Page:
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I've come across "like many another" in a GMAT question. Its use is similar to "Like many other" e.g. "Like many another in his class, John is thirteen years old."

It has 1M hits in google (compare to 135M for "like many other"). I would like to know if it's a mistake or an uncommon but standard phrase.

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"Like many other" bothers me: it's like many other_s_ unless there's another word in the phrase. (So, "like many other_ students_ in his class", but "like many other_s_ in his class".) –  Marthaª Nov 8 '10 at 22:34

7 Answers 7

If I'm not mistaken, another is a contraction of an other, but since an/a mean singular, saying many another would seem incorrect.

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Many a person will say that, but many an other might disagree. –  RegDwigнt Nov 8 '10 at 10:34
    
also "another" was actually "a nother", so "many a nother" makes sense in that case –  Claudiu Nov 8 '10 at 13:51
    
+1 another = an other –  igor Nov 8 '10 at 14:23

The Free Dictionary as well as Merriam-Webster say that "many a/another" expresses "each of a large indefinite number".

"many a man"

"many another day will come"

In German it would be translated as "so manch", "manch ein".

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Compare 1M and 135M, I don't think "like many another" is a standard phrase. I haven't seen it before until now in this question, and I don't think it's correct either.

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When did google hits become a standard of anything? The misspelling "freind" has 20M occurrences. –  Picturepocket Nov 8 '10 at 12:07
    
Comparison, my friend, comparison. :) –  Gan Nov 9 '10 at 5:12

"Many a" is an idiom, a fossilised remnant of a construction which is no longer productive in English. I would say it has a rather archaic flavour itself, and would not be used in formal contexts. "Many another" is an extension of this, and feels odd to me.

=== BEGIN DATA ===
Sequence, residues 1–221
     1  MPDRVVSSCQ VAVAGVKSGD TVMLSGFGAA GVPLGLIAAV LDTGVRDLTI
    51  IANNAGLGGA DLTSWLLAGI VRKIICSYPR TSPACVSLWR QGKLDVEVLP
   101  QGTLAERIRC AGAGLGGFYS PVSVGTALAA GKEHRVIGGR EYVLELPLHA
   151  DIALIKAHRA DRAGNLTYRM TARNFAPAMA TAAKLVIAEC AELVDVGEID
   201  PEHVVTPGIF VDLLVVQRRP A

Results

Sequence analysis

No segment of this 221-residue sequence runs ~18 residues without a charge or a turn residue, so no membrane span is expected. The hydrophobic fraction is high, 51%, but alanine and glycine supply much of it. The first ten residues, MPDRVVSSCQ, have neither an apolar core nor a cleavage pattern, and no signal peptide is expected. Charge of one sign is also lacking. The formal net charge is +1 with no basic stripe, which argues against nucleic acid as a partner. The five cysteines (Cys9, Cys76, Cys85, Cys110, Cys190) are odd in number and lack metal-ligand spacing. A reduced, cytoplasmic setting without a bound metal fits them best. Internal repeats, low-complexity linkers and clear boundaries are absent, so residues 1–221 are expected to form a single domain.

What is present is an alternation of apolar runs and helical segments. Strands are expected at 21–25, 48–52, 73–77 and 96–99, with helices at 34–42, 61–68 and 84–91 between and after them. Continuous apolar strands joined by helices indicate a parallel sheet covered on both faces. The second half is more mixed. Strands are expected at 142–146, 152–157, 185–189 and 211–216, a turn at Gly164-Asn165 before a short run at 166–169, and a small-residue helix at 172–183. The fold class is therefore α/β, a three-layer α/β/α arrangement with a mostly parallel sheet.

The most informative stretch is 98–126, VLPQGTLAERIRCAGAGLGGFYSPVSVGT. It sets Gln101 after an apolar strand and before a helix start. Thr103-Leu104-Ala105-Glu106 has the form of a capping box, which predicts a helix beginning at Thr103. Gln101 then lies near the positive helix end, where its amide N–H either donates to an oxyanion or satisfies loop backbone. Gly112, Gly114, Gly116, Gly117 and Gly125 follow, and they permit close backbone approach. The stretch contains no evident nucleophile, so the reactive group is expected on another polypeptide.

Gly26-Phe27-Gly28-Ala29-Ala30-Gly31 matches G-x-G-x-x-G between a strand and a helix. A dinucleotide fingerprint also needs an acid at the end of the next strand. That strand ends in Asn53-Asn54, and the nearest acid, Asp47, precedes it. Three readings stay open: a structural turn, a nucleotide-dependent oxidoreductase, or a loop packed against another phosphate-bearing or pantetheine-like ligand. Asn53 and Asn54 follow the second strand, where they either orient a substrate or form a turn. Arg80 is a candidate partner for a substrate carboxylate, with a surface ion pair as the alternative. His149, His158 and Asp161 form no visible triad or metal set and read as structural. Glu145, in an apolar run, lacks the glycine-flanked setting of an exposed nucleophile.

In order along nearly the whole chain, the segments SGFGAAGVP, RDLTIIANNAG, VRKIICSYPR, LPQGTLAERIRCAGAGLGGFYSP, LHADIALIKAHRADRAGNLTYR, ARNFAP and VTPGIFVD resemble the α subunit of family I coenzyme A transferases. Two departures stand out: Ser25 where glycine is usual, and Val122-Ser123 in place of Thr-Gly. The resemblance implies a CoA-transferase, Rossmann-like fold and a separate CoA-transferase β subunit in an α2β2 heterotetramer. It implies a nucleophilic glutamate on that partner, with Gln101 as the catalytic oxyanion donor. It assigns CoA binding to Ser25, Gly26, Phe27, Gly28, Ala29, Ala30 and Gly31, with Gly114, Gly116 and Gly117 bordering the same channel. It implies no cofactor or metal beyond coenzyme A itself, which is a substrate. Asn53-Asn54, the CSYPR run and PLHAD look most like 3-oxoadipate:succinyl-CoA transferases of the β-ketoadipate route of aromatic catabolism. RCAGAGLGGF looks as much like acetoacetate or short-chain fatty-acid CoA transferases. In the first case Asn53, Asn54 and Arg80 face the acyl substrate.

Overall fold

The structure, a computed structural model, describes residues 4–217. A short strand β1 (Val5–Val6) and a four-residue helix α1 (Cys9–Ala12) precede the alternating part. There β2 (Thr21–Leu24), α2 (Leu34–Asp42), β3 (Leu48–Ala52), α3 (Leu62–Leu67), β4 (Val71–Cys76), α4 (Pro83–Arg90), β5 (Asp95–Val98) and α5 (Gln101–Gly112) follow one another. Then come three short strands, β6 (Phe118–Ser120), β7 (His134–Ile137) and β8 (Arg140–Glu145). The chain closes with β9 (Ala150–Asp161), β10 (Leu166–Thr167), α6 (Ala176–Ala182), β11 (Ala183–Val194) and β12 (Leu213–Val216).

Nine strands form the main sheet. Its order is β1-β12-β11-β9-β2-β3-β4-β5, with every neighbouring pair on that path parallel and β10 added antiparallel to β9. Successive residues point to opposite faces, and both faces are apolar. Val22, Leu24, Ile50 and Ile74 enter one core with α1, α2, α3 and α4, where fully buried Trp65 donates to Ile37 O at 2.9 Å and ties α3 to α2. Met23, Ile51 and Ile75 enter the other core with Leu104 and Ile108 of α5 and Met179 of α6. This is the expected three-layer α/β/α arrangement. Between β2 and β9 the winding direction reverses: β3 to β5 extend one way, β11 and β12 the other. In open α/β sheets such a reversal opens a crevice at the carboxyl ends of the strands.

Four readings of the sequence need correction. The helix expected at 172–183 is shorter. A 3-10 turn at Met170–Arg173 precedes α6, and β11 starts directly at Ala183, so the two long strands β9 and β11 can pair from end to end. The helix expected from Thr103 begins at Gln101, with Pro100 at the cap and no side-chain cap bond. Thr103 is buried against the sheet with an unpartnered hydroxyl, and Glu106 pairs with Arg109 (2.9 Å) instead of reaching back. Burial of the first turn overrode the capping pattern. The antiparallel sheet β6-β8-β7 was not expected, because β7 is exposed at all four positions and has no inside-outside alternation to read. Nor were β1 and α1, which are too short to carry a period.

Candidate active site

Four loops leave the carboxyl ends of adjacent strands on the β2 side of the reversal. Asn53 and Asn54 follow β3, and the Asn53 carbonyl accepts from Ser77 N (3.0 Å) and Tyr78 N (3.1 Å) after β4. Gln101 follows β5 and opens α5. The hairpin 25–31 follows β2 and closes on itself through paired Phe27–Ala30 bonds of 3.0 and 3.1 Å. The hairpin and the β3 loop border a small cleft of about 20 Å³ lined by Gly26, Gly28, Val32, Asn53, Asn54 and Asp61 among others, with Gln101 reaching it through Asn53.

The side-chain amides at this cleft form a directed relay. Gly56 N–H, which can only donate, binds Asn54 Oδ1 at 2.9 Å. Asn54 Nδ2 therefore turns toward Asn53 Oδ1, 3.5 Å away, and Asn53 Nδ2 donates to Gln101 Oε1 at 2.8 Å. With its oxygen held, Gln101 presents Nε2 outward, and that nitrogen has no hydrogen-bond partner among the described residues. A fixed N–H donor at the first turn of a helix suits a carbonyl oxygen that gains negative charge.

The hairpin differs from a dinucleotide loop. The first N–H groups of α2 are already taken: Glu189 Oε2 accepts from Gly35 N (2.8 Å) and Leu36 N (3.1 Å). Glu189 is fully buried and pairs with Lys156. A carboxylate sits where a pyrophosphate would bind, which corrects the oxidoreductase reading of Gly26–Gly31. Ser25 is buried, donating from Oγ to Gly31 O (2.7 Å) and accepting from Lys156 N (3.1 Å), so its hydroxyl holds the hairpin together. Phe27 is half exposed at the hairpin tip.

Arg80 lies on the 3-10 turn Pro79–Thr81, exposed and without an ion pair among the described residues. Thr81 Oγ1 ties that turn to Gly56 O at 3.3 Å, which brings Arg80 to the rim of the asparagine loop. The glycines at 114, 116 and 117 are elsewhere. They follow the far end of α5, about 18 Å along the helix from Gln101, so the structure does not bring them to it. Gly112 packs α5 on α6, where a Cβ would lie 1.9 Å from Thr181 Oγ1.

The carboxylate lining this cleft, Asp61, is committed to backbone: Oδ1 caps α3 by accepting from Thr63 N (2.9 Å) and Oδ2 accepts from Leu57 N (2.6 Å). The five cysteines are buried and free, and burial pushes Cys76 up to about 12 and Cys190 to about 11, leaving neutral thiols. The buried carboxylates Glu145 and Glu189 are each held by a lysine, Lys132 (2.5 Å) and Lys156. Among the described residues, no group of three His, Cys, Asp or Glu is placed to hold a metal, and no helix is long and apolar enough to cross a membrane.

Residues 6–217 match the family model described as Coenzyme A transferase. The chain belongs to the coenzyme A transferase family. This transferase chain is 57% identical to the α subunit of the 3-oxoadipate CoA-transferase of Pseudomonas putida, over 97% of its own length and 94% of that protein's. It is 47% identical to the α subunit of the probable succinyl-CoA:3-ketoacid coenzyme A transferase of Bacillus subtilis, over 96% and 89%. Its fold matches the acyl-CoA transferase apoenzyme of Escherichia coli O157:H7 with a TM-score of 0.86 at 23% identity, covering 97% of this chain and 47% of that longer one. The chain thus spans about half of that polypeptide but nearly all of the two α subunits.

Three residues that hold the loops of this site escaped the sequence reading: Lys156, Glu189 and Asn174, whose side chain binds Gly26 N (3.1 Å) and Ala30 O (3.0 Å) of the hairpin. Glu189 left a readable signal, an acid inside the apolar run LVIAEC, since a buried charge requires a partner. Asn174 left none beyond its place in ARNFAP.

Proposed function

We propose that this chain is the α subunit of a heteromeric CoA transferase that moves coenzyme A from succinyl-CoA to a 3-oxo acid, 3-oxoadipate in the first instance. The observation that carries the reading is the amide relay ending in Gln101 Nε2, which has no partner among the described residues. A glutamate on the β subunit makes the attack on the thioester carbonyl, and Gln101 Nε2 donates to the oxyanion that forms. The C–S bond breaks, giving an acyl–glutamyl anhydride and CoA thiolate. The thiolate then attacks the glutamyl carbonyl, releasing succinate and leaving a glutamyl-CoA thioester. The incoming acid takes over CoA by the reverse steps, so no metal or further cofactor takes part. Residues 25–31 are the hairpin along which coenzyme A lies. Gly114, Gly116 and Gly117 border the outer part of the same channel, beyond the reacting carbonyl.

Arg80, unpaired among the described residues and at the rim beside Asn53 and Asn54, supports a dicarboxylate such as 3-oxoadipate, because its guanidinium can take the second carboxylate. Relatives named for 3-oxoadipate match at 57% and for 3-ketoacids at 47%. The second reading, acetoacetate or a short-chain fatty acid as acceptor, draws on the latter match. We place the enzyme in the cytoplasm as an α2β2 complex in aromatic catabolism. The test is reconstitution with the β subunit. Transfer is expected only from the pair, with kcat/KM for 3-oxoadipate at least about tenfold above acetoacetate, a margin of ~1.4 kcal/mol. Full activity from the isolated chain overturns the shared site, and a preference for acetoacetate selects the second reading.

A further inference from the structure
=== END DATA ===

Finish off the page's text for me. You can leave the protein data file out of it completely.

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can you provide links to something explaining the construction that is no longer productive? –  Claudiu Nov 8 '10 at 13:53
    
Here is one: grammar.ccc.commnet.edu/grammar/determiners/determiners.htm. It says "This construction lends itself to a somewhat literary effect (some would say a stuffy or archaic effect) and is best used sparingly, if at all." –  Colin Fine Nov 10 '10 at 11:17

Undeniably the construction is less common than it was, but it's still perfectly standard English...

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...which includes 8300 written instances in Google Books from the 21st century.

Note that it's the equivalent of "Like many others", not "Like many other", unless followed by a plural noun (where "Like many other children" equates to "Like many another child").

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The phrase 'like many another' is perfectly legitimate, though possibly slightly old fashioned (like me, but I've used the phrase on many another occasion, though not in EL&U answers as it happens). The comparison is with a singular object, which can be stated explicitly or omitted (implied). The word 'child' (or 'student') is optional in the following examples; the sentences are both grammatically correct.

Like many another in his class, John is thirteen years old.

Like many another child in his class, John is thirteen years old.

The phrase 'like many other' requires an object, which must be plural and explicit. Omitting 'children' leaves a non-grammatical sentence.

Like many other children in his class, John is thirteen years old.

The phrase 'like many others' uses an implicit plural object (which must be omitted). Although the comparison is with the other children, you cannot include 'children' in the comparison while you keep 'others'.

Like many others in his class, John is thirteen years old.

You could also write any of the following, each of which uses only one of 'many' or 'other':

Like many in his class, John is thirteen years old.

Like many children in his class, John is thirteen years old.

Like others in his class, John is thirteen years old.

Like other children in his class, John is thirteen years old.

Writing the following has a slightly different connotation; it implies that all the other children in the class are thirteen, which could happen, but is fairly improbable.

Like the other children in his class, John is thirteen years old.

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To me it sounds like a contraction of:
Like many before, here is another

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